I have found Mastermind groups to be an amazing format to build executive excellence. In case you haven’t attended a Mastermind group, I’ll tell you how and why they work so well. It starts with the group leader or chair hand selecting executives who have the right mindset and motivation to work collaboratively. The leader is generally an executive mentor of some sort, and the best leader is someone who has years of experience working with executives both individually and collectively. After the leader selects 8 to 16 executives from various industries, the group begins to meet – either once a month for between 4 and 8 hours, or twice a month for 2 to 4 hours. The idea is to have each executive delve into some of their goals and challenges as they grow their organization. The members listen, and then assist in the problem-solving by sharing their own experience, providing referrals to other experts, and supporting each other as the discussion unfolds. I should also mention that the group is in a confidential, closed-door atmosphere where honesty and integrity are the foundation of candid, open discussion. What happens in mastermind group, stays in mastermind group.

Additional features of the Mastermind approach that depend highly on the leader include: 1) Specialized training or instruction by external professionals covering a range of topics – often based on the needs and requests of group members. 2) Prepared topical readings pertaining to relevant aspects of business such as leadership styles. 3) One-hour, Individual “intensive” meetings between the mastermind leader and each group member at least once per month for laser-focused support, guidance, and processing. 4) Possible social gatherings for group members outside of the mastermind setting to get to know each other and strengthen inter-group relationships. 5) Visits to each member’s place of business to get a firsthand look at the setting and dynamics of each member’s company. Other possible options to build the group, teach, train, and learn are at the discretion of the group leader. I will note that mastermind groups rarely include any/all of these features, however the Executive Excellence Accelerator (E2A) program I’ve developed does.  Check into it here:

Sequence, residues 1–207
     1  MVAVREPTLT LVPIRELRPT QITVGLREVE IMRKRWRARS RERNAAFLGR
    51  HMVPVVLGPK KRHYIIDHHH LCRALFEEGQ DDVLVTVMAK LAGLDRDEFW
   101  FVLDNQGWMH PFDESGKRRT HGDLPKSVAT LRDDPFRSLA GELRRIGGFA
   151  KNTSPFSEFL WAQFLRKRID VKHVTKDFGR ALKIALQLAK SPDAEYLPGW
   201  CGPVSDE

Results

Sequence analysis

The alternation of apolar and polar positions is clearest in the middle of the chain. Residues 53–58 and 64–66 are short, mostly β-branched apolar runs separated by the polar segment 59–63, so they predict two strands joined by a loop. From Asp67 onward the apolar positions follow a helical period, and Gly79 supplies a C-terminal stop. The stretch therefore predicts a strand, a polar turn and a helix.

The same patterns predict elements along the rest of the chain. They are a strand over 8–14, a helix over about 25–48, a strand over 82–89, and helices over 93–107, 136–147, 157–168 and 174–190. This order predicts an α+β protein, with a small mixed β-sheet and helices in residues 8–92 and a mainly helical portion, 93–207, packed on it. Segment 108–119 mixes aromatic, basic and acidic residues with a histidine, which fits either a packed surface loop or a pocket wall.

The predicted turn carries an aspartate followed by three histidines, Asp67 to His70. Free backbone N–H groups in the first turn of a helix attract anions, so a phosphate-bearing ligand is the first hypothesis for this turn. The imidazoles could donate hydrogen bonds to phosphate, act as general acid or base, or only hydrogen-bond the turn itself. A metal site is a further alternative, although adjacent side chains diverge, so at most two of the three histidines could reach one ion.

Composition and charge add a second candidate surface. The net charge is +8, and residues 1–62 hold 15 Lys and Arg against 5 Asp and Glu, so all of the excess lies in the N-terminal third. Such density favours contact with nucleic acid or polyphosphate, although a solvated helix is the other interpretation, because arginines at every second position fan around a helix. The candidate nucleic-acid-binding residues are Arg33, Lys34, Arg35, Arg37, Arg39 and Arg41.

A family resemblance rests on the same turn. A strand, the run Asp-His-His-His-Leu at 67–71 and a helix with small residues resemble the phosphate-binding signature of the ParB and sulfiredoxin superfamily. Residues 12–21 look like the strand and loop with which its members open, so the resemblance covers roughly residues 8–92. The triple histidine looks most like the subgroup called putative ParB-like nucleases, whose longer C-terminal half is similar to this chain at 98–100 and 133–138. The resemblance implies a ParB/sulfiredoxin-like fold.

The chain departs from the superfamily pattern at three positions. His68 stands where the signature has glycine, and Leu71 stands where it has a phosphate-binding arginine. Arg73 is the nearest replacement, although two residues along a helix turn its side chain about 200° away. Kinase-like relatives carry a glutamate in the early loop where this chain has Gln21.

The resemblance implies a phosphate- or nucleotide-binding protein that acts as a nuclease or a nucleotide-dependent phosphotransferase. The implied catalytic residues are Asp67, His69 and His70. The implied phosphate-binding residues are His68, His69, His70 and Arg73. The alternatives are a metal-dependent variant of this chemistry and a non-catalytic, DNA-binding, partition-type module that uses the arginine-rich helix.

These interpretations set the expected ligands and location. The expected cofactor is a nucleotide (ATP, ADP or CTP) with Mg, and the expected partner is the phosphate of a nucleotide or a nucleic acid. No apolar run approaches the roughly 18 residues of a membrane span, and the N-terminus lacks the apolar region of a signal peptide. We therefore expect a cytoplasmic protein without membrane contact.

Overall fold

Executive Development & Mentoring

As you can imagine, given the parameters I’ve outlined, over time this group of executives learns to rely quite heavily on one another and I’ve witnessed amazing insights and breakthroughs occur in such groups. The members build respectful, trusting relationships that they otherwise would not have found within a truly collegial environment. Not only are they building their own businesses, they are giving each other lessons from their experience to selflessly guide, advise, and support. It is incredibly powerful to have a group of peers holding each other accountable for both their participation, and for making progress towards their goals week in and week out. I cannot tell you how many times I’ve heard that the highlight of each member’s week or month is getting together with their group and tackling a new goal.

If you’d like to learn more, shoot us an email at:  info@prosperitycoachingandconsulting.com 

 

Executive Development, Executive Leadership, Organizational Development, Leadership training

Emotional intelligence during periods of organizational transition

ei-circle-graph